This morning on the way back from visiting a community college, my daughter and I got lost in the back roads. She doesn’t do well with adventures, especially after stressing over college paperwork. I, on the other hand, while the grandbaby slept peacefully in her car seat, dove into the possibilities of finding a new place, exploring my surroundings, and prayed I didn’t run out of gas. I get lost often. Things get lost. Words get lost. People get lost. Life can become a lost playground if we aren’t present for the most part. Each day gets lost into night and so on. The hardest part of “lost” is never truly expressing it to someone. When a relationship is over (regardless if it’s of lovers, parents, children, or friends) there is a lapse of time that can mend and then there isn’t. Waiting for the perfect opportunity is like waiting for a unicorn to swift us away. It only happens in the mind.
I used to have an amazing sense of direction. I don’t anymore. I go into a new trail, a mountain hike, and if I am not consciously present I will find myself in the middle of unchartered territory. Just like this morning, it happens often. I rarely question the wrong turn. I somehow know that I will get through the moment. My daughter said, “Mom, do you know where you are going? (Several times with much expressed anxiety). And, I answered, “Nope…but all roads lead somewhere!” Not an answer that securely assures a fearful person. Complete exasperation came from the passenger side. What I have found is that in those lost moments I get the chance to enter a new direction. Beauty unfolds because I am not on track. Getting lost is never a waste of time in this sense. The unknown unfolds and opportunities arise in the most awed-stricken ways. It’s magical and mysterious. What an amazing ride!
Sometimes losing someone is just like that…you don’t know how amazing they are until you are in a different terrain. We take people for granted. We, as divine entities, have those awakening moments of appreciation but the human part of us clouds them. We don’t know our asses from our heads at times. My best friend, Bobbie, has a saying, “Get your head out of your ass. It wasn’t meant to be worn as a hat.” Getting lost in the world is magical. Getting lost in our own turmoil, chaos and mind is a dangerous place. We are our worst enemies.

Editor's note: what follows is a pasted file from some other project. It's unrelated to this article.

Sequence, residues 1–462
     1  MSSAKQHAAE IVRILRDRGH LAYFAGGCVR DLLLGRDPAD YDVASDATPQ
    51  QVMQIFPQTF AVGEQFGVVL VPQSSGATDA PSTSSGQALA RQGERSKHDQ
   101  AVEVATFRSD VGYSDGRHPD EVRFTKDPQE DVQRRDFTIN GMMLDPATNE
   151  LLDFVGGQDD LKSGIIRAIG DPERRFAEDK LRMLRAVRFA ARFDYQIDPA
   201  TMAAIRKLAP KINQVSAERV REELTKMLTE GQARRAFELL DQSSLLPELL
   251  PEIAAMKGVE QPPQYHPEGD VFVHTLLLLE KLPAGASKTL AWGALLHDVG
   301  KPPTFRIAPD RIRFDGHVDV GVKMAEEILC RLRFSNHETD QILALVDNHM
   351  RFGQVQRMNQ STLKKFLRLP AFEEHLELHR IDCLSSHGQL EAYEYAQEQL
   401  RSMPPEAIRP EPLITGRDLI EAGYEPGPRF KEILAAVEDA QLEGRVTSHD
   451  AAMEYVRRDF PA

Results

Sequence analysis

I have a way of learning. I need space, nature and time. I need to be outside and roam endlessly in the freedom of the world. This is why I love traveling. I have on a bucket list the places I will visit and explore in order to find me. With each journey I know something will open up. Getting lost is not scary (not in my absent-minded little head). I am not daunted by this and have never been. I am, however, intimidated by the loss of people who I love and mean the world to me. I am perplexed at the way folks come into my life and quickly manage to leave without clearing up issues. This type of loss from humanity aches inside in a way I avoid…but can’t escape. We all go through it.
An hour later, and many mountain back roads, we found the way home. Now hungry and aggravated, my 18 year old laughs. She said, “I wasn’t really worried! I was just concerned that we would run out of gas or wouldn’t find a place to eat.” (As if we were on an isolated island with Tom Hanks and Wilson). I know she thinks that I am an airy-fairy hippie. I get lost in our conversations, laughter, and love. She knows this part of me well enough to feel that I can get us back on track while singing (horribly) to the great radio tunes. It was a gorgeous morning. The haze over the Blue Ridge Mountains was astonishing and seductive. I kept saying that “as long as I follow the mountains I know we can make it home.” And, just like that I found home to be right there in the car surrounded by two beautiful souls, bemused by my yearning to be an explorer. Getting lost never felt so great!